The College Football Playoff’s Board of Managers on Friday voted to expand the playoff field to 12 teams with an aim to implement the larger format as soon as possible, sources tell CBS Sports’ Dennis Dodd. The unanimous vote is an important first step in pushing the playoff beyond the current four-team format.
The expanded 12-team bracket, which the board wants to begin as early as the 2024 season, will feature the six highest-ranked conference champions as automatic qualifiers along with the six highest-ranked at-large teams following the season.
While the 11-member board — including university presidents and chancellors representing each of the 10 FBS conferences, plus Notre Dame president John Jenkins — approved expansion as a concept, it is only the first step in ensuring the field moves beyond four teams. It is now up to the 10 FBS commissioners and Notre Dame athletic director Jack Swarbrick, those who comprise the CFP Management Committee, to oversee implementation.
The committee is scheduled meet on Thursday in Irving, Texas.
Among the main topics on the docket will be when to begin implementation of the 12-team field. It could be instituted as soon as 2024 or as late as the 2026 season once the CFP’s 12-year contract with ESPN expires.
A CFP subcommittee comprised of FBS commissioners that developed this 12-team bracket received a favorable reception when it was first introduced in June 2021. Following that presentation and before expansion could be approved, realignment rocked college sports as Texas and Oklahoma announced plans to depart the Big 12 for the SEC.
Given SEC commissioner Greg Sankey and then-Big 12 commissioner Bob Bowlsby were on that CFP subcommittee, the ranks were rattled with other conference commissioners putting a halt to expansion conversations while reevaluating their leagues’ places in the sport.
First came an alliance between the ACC, Big Ten and Pac-12 with the conferences agreeing to vote as a block on key issues. That alliance stood in the way of expansion on Jan. 10 with an 8-3 tally in support of moving to a larger field; a unanimous vote was required to pass expansion. In February 2022, given the board largely expected a rubber stamp in the prior vote, expansion was considered a shelved topic for the foreseeable future.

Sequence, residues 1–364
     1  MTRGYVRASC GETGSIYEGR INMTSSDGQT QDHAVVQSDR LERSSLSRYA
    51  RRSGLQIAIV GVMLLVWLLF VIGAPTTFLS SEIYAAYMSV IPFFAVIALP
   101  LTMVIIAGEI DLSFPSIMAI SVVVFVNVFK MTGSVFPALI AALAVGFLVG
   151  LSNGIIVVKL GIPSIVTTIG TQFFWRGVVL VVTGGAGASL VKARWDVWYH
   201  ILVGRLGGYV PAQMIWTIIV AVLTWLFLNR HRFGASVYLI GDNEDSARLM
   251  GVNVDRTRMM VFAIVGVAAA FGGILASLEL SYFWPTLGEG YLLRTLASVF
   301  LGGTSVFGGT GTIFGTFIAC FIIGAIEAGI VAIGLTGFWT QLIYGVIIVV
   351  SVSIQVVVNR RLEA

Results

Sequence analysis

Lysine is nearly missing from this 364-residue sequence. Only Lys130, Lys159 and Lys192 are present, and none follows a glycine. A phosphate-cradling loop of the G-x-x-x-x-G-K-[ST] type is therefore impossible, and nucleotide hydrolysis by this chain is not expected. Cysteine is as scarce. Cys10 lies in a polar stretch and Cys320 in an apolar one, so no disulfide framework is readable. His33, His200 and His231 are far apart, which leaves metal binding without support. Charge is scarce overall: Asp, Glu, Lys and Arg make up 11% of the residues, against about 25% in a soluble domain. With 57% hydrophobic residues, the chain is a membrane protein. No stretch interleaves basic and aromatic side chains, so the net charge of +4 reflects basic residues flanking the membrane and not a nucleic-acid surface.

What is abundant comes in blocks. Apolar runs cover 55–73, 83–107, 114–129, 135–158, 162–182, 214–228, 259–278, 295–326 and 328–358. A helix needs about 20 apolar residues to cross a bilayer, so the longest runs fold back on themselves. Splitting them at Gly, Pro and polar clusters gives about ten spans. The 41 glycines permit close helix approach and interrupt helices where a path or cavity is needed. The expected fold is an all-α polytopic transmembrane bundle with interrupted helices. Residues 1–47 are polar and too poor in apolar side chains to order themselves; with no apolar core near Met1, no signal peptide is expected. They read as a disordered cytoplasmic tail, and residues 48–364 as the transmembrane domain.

The Big Ten swiping USC and UCLA from the Pac-12 this past offseason, a continuation of this round of realignment, brought a clear end to that short-lived alliance. It perhaps opened the door to revitalized talks given the ACC, Big 12 and Pac-12 will not be bringing in media rights revenue to the level of the Big Ten and SEC in the near future.
CFP executive director Bill Hancock previously stated that the playoff would not expand before the end of its current contract, which is set to expire in 2025. In releasing national championship game sites through the 2025 season just weeks ago — Atlanta will host following the 2024 season, South Florida the next year — the CFP seemingly confirmed a format change would not occur earlier.
If the CFP aims to expand prior to the end of its ESPN contract, it faces a hurdle of needing to find enough game sites (possibly on campus for early-round games) and enact appropriate logistics (hotel rooms, practice facilities, etc.) in a short period of time. While those remain large obstacles, several sources told Dodd all could be cleared with 28 months to go until a potentially expanded playoff in 2024.
“My response in general is, if people are willing [to do it], anything can happen,” said Mountain West commissioner Craig Thompson, one of the four key members of that subcommittee alongside Sankey, Bowlsby and Swarbrick.
A 12-team playoff has been valued at $1.2 billion annually, industry sources told Dodd, up from the current $600 million the CFP is earning from ESPN. By not enacting expansion prior to the 2026 season, the CFP would be leaving significant money on the table. ESPN would hold rights to any additional CFP games through the final two years of its 12-year deal.
There remains widespread support for CFP media rights to go out to multiple bidders once the ESPN contract expires. The Big Ten recently signed a $1.2 billion annual deal with CBS, Fox and NBC to air its games.